As part of The Conversation’s Breaking the Cycle series, which is funded by The Footpath Library, 23 people who either were currently homeless, or who had previously experienced homelessness, were interviewed to discover how they view literacy.
Adolescent homelessness and housing instability were common factors contributing to their poor literacy. Dropping out of school at an early age was also a particularly common experience, as were learning disabilities (such as dyslexia), and having endured systemic racism.
They described the experience of not being able to read as being humiliating. Their poor literacy affected them in other areas, including filling in forms, shopping, sending, and receiving emails/text messages, and writing letters.
One interviewee, Luke, described his need for assistance when filling out forms – “I have always had trouble with forms…Everything you’ve got to do nowadays is filling out forms.”
The interviewees unanimously believed that a literacy program for homeless people would improve their quality of life. Literacy classes could also be seen as a stepping stone to engage with educational institutions and finish high school certificates. Some of those interviewed also expressed a desire to improve their skills so that they could become able to read and write for pleasure.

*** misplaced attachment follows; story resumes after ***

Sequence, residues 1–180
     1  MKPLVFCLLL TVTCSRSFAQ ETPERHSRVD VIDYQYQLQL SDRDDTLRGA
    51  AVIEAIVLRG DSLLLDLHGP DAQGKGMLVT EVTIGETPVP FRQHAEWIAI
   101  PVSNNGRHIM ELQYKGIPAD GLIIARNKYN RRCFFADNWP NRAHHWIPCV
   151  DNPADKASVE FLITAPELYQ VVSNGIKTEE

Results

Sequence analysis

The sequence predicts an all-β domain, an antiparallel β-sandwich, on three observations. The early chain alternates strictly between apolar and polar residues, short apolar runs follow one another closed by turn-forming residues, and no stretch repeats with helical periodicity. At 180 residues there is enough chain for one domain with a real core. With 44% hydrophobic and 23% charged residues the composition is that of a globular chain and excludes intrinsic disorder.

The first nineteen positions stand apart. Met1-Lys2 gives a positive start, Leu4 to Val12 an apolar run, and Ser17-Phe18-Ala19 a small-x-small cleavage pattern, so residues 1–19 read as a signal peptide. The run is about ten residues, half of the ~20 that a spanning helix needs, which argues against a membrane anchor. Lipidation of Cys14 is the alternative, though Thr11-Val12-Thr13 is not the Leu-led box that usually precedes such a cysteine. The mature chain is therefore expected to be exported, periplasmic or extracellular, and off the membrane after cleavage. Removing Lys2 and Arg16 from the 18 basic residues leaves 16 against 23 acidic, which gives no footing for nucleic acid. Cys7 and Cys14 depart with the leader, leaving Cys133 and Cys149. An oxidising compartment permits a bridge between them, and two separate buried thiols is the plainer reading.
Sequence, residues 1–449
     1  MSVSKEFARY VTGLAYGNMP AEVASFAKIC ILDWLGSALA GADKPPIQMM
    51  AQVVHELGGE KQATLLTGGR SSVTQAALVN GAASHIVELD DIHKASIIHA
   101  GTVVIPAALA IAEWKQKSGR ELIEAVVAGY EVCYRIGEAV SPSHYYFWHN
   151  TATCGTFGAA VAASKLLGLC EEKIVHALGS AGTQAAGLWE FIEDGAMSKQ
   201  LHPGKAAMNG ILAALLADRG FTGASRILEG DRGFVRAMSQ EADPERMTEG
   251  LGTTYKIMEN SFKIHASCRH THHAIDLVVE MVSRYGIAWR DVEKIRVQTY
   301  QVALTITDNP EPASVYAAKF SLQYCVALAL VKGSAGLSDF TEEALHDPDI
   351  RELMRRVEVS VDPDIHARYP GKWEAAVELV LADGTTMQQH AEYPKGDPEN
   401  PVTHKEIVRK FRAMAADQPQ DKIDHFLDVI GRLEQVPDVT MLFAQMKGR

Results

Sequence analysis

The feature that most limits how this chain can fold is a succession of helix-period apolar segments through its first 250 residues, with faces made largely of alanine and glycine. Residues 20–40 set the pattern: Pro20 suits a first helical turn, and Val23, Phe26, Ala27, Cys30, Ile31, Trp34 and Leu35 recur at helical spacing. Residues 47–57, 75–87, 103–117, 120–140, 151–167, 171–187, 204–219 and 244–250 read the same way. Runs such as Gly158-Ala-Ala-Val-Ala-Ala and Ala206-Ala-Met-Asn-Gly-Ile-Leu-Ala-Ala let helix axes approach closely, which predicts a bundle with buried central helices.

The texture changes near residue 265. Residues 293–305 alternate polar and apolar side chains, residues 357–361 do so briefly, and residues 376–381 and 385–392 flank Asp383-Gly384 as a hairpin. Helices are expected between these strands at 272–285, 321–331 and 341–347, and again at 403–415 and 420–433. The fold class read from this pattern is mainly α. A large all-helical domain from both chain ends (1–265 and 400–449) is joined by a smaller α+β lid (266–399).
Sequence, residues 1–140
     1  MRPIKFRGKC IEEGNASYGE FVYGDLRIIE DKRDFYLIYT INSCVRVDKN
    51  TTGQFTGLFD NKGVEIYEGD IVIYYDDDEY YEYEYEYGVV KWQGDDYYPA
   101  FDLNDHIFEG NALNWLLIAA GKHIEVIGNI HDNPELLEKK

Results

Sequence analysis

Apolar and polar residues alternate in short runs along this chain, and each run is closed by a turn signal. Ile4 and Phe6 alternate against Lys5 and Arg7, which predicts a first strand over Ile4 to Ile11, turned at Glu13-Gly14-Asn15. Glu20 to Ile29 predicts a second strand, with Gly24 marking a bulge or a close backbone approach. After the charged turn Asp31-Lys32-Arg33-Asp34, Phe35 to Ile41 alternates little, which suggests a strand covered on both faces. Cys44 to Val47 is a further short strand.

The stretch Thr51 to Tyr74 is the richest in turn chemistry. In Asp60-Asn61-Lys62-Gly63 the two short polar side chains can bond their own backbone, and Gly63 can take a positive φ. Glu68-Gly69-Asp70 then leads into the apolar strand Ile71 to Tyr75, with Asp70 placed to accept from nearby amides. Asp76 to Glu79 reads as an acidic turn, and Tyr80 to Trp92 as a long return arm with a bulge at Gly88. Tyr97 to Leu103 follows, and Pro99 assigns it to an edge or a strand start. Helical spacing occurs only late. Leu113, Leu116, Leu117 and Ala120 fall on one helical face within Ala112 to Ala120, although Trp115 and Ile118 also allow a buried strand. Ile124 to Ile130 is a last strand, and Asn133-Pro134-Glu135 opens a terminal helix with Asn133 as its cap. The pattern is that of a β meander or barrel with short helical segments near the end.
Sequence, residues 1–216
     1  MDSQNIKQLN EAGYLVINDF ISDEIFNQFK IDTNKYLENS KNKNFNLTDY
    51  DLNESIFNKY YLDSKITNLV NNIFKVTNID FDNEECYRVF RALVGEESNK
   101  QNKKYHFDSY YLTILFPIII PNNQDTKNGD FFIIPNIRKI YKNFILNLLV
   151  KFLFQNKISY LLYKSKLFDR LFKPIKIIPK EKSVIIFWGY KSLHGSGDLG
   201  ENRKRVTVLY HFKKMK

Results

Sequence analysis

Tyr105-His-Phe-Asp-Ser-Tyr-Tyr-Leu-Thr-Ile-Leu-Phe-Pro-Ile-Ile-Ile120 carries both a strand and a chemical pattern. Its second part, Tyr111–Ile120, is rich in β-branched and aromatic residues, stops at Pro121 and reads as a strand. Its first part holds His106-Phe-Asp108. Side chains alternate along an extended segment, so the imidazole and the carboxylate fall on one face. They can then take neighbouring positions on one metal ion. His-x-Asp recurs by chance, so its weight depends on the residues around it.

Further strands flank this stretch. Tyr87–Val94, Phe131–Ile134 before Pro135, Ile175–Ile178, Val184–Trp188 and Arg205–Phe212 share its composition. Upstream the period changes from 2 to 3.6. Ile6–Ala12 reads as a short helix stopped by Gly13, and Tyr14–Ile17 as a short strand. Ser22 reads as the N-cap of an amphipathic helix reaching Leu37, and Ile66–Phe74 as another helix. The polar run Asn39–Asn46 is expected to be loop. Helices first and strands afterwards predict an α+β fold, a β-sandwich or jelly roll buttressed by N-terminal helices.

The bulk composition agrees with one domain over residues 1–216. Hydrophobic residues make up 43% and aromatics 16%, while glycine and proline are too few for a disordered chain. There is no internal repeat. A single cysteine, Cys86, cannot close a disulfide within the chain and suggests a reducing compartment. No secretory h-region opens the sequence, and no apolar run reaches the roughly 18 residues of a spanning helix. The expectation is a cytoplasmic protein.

This study strongly highlights how “structural issues in a person’s formative years affect their literacy and life outcomes.” Communities can benefit profoundly from community-based “literacy mediators” who have the skills to enhance the literacy of people experiencing homelessness, and to do so in a safe and inclusive way.
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